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The End of AT&T

Ma Bell may be gone, but its innovations are everywhere

15 min read
Technicians attach the 77-kilogram Telstar 1 satellite to a launching rocket for its journey into orbit in 1962.
Innovation Machine: Technicians attach the 77-kilogram Telstar 1 satellite to a launching rocket for its journey into orbit in 1962.
Photo: Lucent Technologies/Bell Labs

It’s 1974. Platform shoes are the height of urban fashion. Disco is just getting into full stride. The Watergate scandal has paralyzed the U.S. government. The new Porsche 911 Turbo helps car lovers at the Paris motor show briefly forget the recent Arab oil embargo. And the American Telephone & Telegraph Co. is far and away the largest corporation in the world

AT&T’s US $26 billion in revenues—the equivalent of $82 billion today—represents 1.4 percent of the U.S. gross domestic product. The next-largest enterprise, sprawling General Motors Corp., is a third its size, dwarfed by AT&T’s $75 billion in assets, more than 100 million customers, and nearly a million employees.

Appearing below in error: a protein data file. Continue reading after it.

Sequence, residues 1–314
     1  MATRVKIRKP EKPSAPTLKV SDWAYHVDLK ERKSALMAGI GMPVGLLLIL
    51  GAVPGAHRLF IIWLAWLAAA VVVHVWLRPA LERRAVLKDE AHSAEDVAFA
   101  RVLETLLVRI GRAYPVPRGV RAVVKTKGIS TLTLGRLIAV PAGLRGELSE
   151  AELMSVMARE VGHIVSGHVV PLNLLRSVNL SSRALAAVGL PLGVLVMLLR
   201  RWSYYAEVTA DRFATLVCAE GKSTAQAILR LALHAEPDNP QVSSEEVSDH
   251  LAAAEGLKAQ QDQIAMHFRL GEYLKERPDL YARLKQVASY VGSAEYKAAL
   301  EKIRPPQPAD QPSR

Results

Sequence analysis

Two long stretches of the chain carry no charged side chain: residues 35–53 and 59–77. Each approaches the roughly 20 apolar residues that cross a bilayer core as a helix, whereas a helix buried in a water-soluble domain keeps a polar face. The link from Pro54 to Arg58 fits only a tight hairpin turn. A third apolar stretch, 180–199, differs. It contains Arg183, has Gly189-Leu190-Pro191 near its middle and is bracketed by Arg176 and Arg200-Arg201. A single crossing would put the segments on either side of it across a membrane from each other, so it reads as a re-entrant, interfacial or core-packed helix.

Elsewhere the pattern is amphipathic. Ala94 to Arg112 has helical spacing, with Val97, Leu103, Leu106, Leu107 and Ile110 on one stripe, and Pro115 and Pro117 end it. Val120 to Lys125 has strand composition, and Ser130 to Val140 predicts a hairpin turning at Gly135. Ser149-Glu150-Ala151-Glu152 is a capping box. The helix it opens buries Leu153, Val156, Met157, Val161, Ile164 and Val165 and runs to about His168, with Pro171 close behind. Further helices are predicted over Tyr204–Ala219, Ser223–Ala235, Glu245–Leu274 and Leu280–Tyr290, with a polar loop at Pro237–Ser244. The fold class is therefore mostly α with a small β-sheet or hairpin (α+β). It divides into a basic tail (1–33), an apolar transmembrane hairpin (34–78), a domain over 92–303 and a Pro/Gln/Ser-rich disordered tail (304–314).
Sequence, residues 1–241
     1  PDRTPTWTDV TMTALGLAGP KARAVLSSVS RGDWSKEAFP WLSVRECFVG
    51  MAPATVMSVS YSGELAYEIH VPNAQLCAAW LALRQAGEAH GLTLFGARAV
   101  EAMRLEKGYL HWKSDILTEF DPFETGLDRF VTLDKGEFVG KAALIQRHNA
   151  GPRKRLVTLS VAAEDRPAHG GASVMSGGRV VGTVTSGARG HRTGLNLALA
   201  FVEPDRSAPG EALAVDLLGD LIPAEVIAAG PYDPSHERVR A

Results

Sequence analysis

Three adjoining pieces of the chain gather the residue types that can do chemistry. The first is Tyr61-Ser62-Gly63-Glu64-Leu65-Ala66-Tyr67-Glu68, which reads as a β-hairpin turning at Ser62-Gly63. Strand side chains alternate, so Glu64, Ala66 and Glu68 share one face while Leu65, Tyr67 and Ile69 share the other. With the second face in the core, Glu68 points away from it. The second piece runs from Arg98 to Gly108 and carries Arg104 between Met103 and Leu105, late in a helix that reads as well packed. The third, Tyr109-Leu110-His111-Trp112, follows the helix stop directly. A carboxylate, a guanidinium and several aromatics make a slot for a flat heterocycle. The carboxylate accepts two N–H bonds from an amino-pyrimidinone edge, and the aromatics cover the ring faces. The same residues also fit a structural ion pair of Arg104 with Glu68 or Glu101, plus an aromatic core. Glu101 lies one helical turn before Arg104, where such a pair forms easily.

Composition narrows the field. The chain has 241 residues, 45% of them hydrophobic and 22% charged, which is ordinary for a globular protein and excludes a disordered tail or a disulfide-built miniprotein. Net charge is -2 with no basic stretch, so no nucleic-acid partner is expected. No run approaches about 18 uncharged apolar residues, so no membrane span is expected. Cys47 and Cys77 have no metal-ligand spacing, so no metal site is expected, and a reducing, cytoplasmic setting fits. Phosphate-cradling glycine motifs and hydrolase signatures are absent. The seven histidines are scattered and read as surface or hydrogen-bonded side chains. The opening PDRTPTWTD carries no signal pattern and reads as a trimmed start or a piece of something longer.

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IEEE President’s Note: Looking to 2050 and Beyond

The importance of future-proofing IEEE

4 min read
Photo of K. J. Ray Liu
IEEE

What will the future of the world look like? Everything in the world evolves. Therefore, IEEE also must evolve, not only to survive but to thrive.

How will people build communities and engage with one another and with IEEE in the future? How will knowledge be acquired? How will content be curated, shared, and accessed? What issues will influence the development of technical standards? How should IEEE be organized to be most impactful?

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The Device That Changed Everything

Transistors are civilization’s invisible infrastructure

2 min read
A triangle of material suspended above a base

This replica of the original point-contact transistor is on display outside IEEE Spectrum’s conference rooms.

Randi Klett

I was roaming around the IEEE Spectrum office a couple of months ago, looking at the display cases the IEEE History Center has installed in the corridor that runs along the conference rooms at 3 Park. They feature photos of illustrious engineers, plaques for IEEE milestones, and a handful of vintage electronics and memorabilia including an original Sony Walkman, an Edison Mazda lightbulb, and an RCA Radiotron vacuum tube. And, to my utter surprise and delight, a replica of the first point-contact transistor invented by John Bardeen, Walter Brittain, and William Shockley 75 years ago this month.

I dashed over to our photography director, Randi Klett, and startled her with my excitement, which, when she saw my discovery, she understood: We needed a picture of that replica, which she expertly shot and now accompanies this column.

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